The centromere of most complex eukaryotic chromosomes is a specialized locus made up of repetitive DNA which is responsible for chromosome segregation at mitosis and meiosis.

A major challenge in genomic signal processing is to understand the information contained in the biological genomes. Almost all DSP techniques require two parts: mapping the symbolic data (symbols for nucleotides) into a numeric form in a non-arbitrary manner and calculating a kind of transform of that numeric sequence. Consequently, the numerical representation of genomic signals becomes very important.

Fourier spectral analysis is used to reveal periodicity in symbolic sequences because they are rather robust in the presence of substitutions, insertions and deletions and may identify approximate periodicities in DNA sequences.

This paper presents results obtained using different numerical representations (including two new) and spectral analysis to isolate the position and length of DNA repeats in short sequences containing microsatellites and on long sequences with alpha DNA repeats.

Most of the numerical representations used for repeats detection associate a numerical value to one position in the sequence using numerical values associated to each nucleotide and, finally, reflect the presence or the absence of a certain nucleotide in a specific position. In order to include information about the number of consecutive nucleotides and to generate only one numerical sequence for each DNA subsequence which may be associated with a repeat [9, 10], we’ve introduced two novel representations. Therefore, to emphasize subsequences with consecutive repeats of the same nucleotide, we used a modified form of indicator sequences which includes the repeating factor. Then, we proposed a novel sequence representation and a mapping algorithm which takes into account the length of the expected repeats and the number of possible mismatches due to point mutations, based on polynomial-like representation.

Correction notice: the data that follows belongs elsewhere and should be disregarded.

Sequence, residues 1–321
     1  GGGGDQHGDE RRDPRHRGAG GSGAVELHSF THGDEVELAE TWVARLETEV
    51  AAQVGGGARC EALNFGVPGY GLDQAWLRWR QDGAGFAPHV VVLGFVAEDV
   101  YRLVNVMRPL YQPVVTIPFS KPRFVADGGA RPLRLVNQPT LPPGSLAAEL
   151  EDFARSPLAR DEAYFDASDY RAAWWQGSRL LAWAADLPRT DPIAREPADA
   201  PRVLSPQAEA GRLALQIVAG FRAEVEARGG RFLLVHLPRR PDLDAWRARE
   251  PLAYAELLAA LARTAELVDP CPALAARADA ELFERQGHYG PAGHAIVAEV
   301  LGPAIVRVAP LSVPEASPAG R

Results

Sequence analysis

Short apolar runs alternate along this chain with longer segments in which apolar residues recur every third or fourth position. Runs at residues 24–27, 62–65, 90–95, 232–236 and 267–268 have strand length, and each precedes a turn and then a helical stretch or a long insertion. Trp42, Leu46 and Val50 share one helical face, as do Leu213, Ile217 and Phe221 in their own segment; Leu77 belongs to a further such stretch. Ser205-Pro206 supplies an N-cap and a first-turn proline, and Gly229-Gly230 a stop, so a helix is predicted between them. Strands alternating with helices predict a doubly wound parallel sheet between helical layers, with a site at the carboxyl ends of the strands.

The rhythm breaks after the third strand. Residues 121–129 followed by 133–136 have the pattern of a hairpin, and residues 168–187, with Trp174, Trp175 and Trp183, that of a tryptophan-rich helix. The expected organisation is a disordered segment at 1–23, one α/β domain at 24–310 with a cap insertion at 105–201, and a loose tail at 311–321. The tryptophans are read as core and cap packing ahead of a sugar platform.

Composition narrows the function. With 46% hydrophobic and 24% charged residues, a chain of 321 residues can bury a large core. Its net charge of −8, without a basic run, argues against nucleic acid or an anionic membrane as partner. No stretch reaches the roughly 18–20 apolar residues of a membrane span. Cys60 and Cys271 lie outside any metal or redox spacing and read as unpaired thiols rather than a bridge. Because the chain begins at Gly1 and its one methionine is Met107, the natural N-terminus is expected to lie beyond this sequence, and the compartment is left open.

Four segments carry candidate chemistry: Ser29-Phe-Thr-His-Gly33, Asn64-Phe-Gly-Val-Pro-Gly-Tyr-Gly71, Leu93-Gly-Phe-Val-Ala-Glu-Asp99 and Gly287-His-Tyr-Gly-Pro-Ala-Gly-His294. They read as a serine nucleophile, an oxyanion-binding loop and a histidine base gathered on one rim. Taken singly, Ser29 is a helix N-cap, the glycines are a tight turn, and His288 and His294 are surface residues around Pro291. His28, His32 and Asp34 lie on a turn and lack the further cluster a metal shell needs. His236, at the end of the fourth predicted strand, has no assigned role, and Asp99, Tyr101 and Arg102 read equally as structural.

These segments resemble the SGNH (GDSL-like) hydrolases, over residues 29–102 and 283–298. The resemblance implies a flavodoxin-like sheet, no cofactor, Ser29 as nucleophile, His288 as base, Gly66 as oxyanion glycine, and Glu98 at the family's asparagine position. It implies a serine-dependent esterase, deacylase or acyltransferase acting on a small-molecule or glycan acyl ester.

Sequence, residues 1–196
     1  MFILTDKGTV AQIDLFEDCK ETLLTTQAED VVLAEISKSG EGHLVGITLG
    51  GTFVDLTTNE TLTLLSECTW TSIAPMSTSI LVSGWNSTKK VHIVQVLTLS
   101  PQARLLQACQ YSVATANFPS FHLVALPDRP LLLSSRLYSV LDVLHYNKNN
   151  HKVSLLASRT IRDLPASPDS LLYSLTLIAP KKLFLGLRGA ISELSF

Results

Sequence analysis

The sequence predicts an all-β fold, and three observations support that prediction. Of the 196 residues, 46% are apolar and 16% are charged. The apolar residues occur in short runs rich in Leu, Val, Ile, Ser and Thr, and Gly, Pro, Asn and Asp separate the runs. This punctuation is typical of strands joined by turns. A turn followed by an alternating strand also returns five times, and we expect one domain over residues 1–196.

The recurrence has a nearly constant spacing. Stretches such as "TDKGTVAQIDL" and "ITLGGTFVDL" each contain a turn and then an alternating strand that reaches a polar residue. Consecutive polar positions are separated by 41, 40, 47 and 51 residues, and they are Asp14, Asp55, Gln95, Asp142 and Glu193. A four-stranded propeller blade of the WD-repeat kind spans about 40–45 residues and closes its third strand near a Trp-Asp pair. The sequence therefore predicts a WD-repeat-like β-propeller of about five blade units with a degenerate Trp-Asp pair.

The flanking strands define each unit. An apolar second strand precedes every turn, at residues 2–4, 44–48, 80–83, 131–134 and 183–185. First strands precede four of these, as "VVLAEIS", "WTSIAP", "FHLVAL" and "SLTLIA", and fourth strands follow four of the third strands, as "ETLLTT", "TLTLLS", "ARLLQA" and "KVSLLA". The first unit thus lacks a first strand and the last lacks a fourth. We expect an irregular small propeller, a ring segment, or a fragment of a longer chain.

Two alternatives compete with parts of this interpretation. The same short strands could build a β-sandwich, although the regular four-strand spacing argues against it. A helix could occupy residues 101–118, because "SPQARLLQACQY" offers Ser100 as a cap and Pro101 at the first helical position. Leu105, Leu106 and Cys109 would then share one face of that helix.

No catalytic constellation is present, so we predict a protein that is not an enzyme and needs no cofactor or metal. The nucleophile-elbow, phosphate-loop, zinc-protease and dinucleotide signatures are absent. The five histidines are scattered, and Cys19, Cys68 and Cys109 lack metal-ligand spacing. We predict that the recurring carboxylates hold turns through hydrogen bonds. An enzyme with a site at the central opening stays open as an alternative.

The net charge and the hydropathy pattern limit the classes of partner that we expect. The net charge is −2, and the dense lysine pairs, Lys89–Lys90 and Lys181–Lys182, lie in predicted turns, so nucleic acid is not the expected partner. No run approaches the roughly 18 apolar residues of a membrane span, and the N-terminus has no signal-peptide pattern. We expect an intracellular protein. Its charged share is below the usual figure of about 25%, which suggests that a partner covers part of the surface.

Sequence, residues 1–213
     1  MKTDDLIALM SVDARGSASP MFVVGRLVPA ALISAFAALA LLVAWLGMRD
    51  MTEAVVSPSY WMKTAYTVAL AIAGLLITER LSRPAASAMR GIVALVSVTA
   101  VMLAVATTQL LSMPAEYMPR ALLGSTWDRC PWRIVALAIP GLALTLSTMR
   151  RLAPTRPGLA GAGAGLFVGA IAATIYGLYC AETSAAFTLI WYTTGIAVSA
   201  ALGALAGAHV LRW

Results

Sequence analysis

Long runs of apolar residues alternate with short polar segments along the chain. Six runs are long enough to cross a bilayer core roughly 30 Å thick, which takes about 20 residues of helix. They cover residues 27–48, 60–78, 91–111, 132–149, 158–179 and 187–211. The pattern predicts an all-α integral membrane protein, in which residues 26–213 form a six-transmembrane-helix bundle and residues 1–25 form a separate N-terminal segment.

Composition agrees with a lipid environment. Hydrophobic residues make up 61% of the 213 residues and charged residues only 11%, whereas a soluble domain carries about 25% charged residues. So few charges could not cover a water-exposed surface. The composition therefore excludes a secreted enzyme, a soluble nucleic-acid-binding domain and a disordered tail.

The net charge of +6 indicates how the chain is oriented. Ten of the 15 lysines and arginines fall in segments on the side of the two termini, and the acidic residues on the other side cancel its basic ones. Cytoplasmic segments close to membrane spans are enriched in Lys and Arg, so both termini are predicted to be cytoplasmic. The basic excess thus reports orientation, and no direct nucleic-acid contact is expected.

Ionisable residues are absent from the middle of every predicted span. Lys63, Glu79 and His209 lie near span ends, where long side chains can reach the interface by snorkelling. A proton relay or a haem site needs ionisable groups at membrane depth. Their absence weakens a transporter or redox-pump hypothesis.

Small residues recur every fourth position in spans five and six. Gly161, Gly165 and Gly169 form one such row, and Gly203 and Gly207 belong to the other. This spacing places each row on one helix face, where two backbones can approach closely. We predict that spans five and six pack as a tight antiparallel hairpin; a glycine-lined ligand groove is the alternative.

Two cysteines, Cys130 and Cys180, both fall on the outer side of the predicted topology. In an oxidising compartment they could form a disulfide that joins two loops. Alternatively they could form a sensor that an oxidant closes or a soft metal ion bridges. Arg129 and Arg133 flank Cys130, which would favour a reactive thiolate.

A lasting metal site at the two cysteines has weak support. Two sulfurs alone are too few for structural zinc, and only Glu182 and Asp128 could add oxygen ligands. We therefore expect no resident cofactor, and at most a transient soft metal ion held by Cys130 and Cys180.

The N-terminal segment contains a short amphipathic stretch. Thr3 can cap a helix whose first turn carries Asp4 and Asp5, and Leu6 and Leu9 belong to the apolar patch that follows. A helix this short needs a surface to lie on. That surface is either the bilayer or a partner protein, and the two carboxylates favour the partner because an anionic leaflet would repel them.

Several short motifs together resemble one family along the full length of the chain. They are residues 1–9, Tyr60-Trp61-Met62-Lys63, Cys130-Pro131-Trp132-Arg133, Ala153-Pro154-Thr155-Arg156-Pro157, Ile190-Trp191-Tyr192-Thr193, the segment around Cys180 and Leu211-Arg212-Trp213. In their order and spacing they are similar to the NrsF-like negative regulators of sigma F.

Grey-levels spectrograms were used to validate numerical representations because they provide an overview of the informational content of the analyzed sequence and allow a fast and easy determination of the presence of repeated sequences. In addition, spectrograms do not need to specify the length, the pattern or the number of mismatches for target repeats. Thus, the spectrogram can be used for a qualitative assessment of numerical representation. The main focus was on numerical representations and on qualitative differences that occur in spectrograms and not on spectral analysis itself. Our goal was not the comparison of the different ways for identifying the repeated sequences but the comparison of the different numeric representations using one of the frequent used methods.

Interests in DNA Repeats

Nucleotide sequences contain patterns or motifs that have been preserved throughout evolution because of their importance to the structure or function of the DNA molecule. Nucleotide sequences outside the coding regions generally tend to be less conserved among organisms, except where they have a functional importance, like the involvement in gene expression regulation. Motifs discovery in protein and nucleotide sequences can lead to determination of function and to the elucidation of the evolutionary relationships among sequences.